It’s always the dreaded question when meeting someone new. It’s such an innocent question one would ask when politely getting to know another person. It’s a question I have asked other people numerous times, and one that I have answered with ease for the first 19 years of my life. Now when such a simple inquiry is directed at me, my heart constricts.
“So, do you have any siblings?” I was sitting at a picnic table outside the office building where I just started at that day. I was eating lunch with a girl, same age as me, who was training me. We got along very easily and the conversation flowed smoothly, which was a rare occurrence for me when first meeting someone.
We were slowly getting to know each other, and asked all the basic questions that morning after first meeting. “Where are you from? Where did you go to school? What was your major? What do you want to do?” etc.
We agreed to sit outside together and eat our lunch, but once the questions became more personal, I knew it was coming. It’s not like I’m an uncomfortable, closed-up person either. Ask me my salary and I’ll tell you. Ask me for a tampon and I’ll give you details about my own flow. But even when I know the question is coming, it doesn’t make me any more prepared for it.
“So, do you have any siblings?”
I took a bite of my apple to buy a couple of seconds so I could consider my options. I’ve answered that question so damn effortlessly almost all my life. I never had to give it a second thought. But now, I have to really think about it, which is fucked up.
Every time I’m asked, I go through the same debate in my head in order to formulate an answer. Saying I just have a sister feels unnatural. I’ve always had two siblings, and it feels wrong to leave one out. But it is true, because I do only have a sister.
She stared at me, waiting. My pause was growing way too lengthy, so I finally responded, “Yeah, an older brother and sister.”
“Cool! What do they do? Do they live near you?”
There’s practically always a second part to the question. People want to know more about them, ask some follow-up questions to appear interested and polite. Second debate comes into play. I can make this unsuspecting girl uncomfortable by telling her the truth, but it undeniably makes the conversation take a grim turn. The truth always bums people out, especially when they’re not expecting it.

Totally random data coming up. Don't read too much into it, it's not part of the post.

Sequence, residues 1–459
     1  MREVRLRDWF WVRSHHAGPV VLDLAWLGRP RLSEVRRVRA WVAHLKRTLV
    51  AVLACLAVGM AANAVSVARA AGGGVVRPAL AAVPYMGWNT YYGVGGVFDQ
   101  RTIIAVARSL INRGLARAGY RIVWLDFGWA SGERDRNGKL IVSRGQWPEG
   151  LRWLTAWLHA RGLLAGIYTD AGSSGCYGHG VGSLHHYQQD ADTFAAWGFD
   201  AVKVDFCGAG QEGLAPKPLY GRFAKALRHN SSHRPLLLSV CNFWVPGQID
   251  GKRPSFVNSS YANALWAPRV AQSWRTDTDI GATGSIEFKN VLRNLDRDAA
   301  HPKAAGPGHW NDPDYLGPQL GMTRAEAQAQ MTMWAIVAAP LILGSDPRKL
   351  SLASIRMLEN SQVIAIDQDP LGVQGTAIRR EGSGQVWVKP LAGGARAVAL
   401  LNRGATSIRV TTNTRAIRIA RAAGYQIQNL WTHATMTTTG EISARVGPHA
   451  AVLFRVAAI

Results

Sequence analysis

“My brother lives in New Haven. He works with computers,” I heard the lie come out of my mouth. “My sister lives in Valhalla and works for a cellphone service company.” Before she could get another word in I asked, “Do you have any?”
People don’t realize that things this small, this menial and meaningless, absolutely suck.
Sometimes I tell the truth: “He died a couple years ago.” Or I avoid the awkward confrontation altogether: “Yeah, I have a sister.” No matter what response I give though, it feels wrong. It’s not the truth I’m used to, and it’s not the truth I want to live with.
When I am honest, I have to hear the whole, “Oh my God! I’m so sorry!” Sometimes they ask what happened as a knee-jerk response, which is a question I don’t like to answer any more than the first one. Most of the time they get all solemn and feel bad for asking, even though there’s no way they could have known. There is never a good way to recover.
It’s incredible to think how many small, insignificant things I took for granted before I lost my brother. Whether it’s answering the question “How many siblings do you have?”, or trying to piece together a far-off memory that only he knows the rest of. We don’t realize what these trivial things mean to us until they begin to have a stabbing pain associated with them. There’s suddenly a name and number listed in my phone that I can no longer text or call as casually as I did. My heart pangs when I hear someone complain about how annoying their brother is. My eyes fill with frustrated tears when there’s a problem with my computer that I know he could identify and fix in under 30 seconds.
I never thought that one, dreaded question could hold so much weight. And now whenever asked, I will painfully flinch, collect myself, and then consider my options to give a response, a response that will never feel natural for the rest of my life.